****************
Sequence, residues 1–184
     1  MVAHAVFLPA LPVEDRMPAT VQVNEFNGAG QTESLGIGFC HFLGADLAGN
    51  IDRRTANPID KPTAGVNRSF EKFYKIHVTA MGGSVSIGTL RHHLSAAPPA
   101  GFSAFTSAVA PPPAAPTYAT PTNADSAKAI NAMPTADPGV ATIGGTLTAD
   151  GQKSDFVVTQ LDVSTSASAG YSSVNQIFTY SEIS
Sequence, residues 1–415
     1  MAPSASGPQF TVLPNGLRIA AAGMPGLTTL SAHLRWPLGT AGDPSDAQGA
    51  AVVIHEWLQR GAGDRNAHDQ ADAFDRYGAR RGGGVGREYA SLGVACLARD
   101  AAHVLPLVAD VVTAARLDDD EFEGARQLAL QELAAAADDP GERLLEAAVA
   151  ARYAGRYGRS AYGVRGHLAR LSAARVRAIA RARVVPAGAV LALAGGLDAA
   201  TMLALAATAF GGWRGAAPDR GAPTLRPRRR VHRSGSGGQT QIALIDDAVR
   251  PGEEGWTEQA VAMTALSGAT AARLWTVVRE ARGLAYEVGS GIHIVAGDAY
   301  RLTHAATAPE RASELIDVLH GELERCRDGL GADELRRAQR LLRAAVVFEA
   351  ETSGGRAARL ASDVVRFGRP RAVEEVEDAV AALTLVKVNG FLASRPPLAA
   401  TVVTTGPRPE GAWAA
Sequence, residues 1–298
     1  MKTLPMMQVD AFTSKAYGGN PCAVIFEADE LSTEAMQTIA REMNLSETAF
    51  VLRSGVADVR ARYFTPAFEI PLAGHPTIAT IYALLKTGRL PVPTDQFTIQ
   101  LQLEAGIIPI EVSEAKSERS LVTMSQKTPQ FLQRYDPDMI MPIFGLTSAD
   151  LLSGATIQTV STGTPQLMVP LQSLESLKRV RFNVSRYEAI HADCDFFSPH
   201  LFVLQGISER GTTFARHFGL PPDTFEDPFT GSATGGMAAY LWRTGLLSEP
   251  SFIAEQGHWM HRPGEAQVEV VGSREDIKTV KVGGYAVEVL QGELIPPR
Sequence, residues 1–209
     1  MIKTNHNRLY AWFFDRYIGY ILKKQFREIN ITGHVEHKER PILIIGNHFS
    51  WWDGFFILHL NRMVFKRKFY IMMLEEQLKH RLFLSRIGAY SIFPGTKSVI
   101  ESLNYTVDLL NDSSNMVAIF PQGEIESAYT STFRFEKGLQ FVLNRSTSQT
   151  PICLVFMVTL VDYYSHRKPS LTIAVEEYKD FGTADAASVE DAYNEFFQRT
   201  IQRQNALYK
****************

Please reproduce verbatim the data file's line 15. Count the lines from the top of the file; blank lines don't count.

   401  TVVTTGPRPE GAWAA